Is It Weird That When My Boyfriend Wants To Have Sex In the Morning, He Wants Me To Pretend Like I’m Still Sleeping?
I can’t think of a way to start this post without it sounding like the beginning of an article on one of those sleeper sites like askmen.com, or wikiAnswers. The kind that, when you Google “is it weird that my boyfriend only texts me once a day?”, or “can you get HIV from anal sex?” shows up third or fourth in the results. You click on the article, looking for some kind of positive twist to the negative answer you already know, and end up, at least temporarily, finding solace in the nuances of other people’s idiocy.
This kind of post might show up, if this blog got any traffic, if you Googled “Is it weird that I don’t really miss my boyfriend?” The only difference between my blog and ask.com, however, is that the answer you’ll find below is hopefully not what you expected.
Because the truth is that I am not actively missing Caleb. I don’t have that awful, nauseous, needy desire to talk to him all of the time. I don’t feel like I don’t know how to fill my time without him. In fact, I’m quite enjoying my solitude. Having an entire bed to myself. Waking up in the morning alone, and finishing a book. Deciding to take the long way home at night because I’m enjoying being on my bike, listening to music. The silence. The freedom.
When I talk to my girlfriends about it, my enthusiasm is met with suspicion. I’m saying to them: “I’m so happy to realize that all of this time that I thought I was losing myself in a relationship, I actually was just right here, waiting,” and “I really do like being alone, it’s not just something I said to convince myself to keep going until I met a man to save me.”
But my girlfriends are hearing: “There’s something wrong with the relationship.” And the ones who dislike me are relishing in the idea that I might not be happy with Caleb.
Because despite all of our protests against the idea that a man will complete us, all of us secretly believe it. That we’ll be unhappy and drifting until we meet the right guy, and when we do, he’ll fill our weekends. He’ll alleviate our anxiety. He’ll make our relationships with our families easier. That with him, we’ll become our best selves.
I certainly believed it. When I was single, I didn’t think I’d truly become myself until I found a guy who wanted to deal with my kind of crazy. When I met Caleb, I was (and am) so happy that I thought that I’d finally discovered my imaginary ideal, the girl who was inseparable from her boyfriend because she had like the best relationship with him. The person who became whole because she melded with someone completely.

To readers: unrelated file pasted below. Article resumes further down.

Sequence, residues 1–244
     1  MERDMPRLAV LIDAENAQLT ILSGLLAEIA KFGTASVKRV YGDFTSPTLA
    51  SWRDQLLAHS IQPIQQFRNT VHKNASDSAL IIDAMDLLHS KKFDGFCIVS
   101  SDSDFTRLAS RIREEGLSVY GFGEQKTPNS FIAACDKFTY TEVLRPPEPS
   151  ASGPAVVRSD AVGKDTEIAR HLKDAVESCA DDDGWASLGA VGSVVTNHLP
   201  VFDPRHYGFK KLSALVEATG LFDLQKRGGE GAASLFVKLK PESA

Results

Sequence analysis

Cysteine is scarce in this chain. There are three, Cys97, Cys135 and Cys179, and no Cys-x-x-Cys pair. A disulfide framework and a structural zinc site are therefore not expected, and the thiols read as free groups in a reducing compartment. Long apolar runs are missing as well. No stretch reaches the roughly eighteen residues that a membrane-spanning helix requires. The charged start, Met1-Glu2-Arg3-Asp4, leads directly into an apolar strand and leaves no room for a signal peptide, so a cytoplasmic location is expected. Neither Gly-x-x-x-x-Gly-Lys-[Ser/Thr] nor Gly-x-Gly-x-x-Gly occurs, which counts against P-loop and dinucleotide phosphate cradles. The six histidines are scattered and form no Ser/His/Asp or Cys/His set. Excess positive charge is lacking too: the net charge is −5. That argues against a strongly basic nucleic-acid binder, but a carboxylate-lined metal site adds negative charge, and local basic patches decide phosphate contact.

Which is why I was completely terrified the week before Caleb departed for Asia. In my head, I honestly and truly thought that I would spend two weeks not being able to sleep. Needing to go stay with my parents because I was so lonely. Making plans every night to fill the empty time that Caleb, my constant companion, almost always fills. This new person I thought I had become was terrified to confront her former self, whom she remembered to be terribly depressed and miserable.
And then he left. And when he left, I was alone. And being alone was pure bliss.
Which of course, scared the shit out of me. “Am I a bad person?” I thought that first blessed morning, swaddled in clean sheets, drifting in and out of sleep, nothing poking my backside, whispering to me, “Sssshhh, just stay asleep.”
And the answers I got when I asked that question aloud, to my friends in relationships, were largely affirmative. “Hmmm,” they all said quizzically, looking at me like I was withholding horrible secrets.
All the while, Caleb and I have been talking to each other twice a day. Every night, before he falls asleep, we virtually kiss each other over Skype, our lips close to our computer cameras, our hearts entangled across the screen. When I wake up in the morning, an evening email awaits me, sent from twelve hours in the future, from wherever he is.
Before he left, I wrote him twelve love letters, and sealed them, so that every morning, when he woke up in a sterile hotel bed in some unknown Chinese city, he could read one.
The only time I missed him with a sickness was when he wouldn’t show me his penis on video chat, because he said that I would take a screen shot and put it on my blog. I got mad at him for not doing what I wanted, and he got mad at me for being irrational. The aching that ensued for the next six hours, before he called me again, was excruciating.
Even though he is gone, I know he’ll return. Even though our relationship is far from perfect—we fight like two Scorpios with hot Irish tempers, which is not a great combination for reasoning—our devotion is unwavering. We make each other feel safe.
In the words of this corny phrase by Willa Cather on a background of foliage that my mother framed, and hung on my wall, “Where there is great love, there are always miracles.” My miracle is that I can be alone, and also be with Caleb, and in both states, not feel lonely.
Yesterday, I asked my mom, older and wiser, who’s seen me through some horrible relationships, the same question that I asked my friends. “Do you think it’s weird that I don’t miss Caleb?”
And her answer was, “I think it’s wonderful.”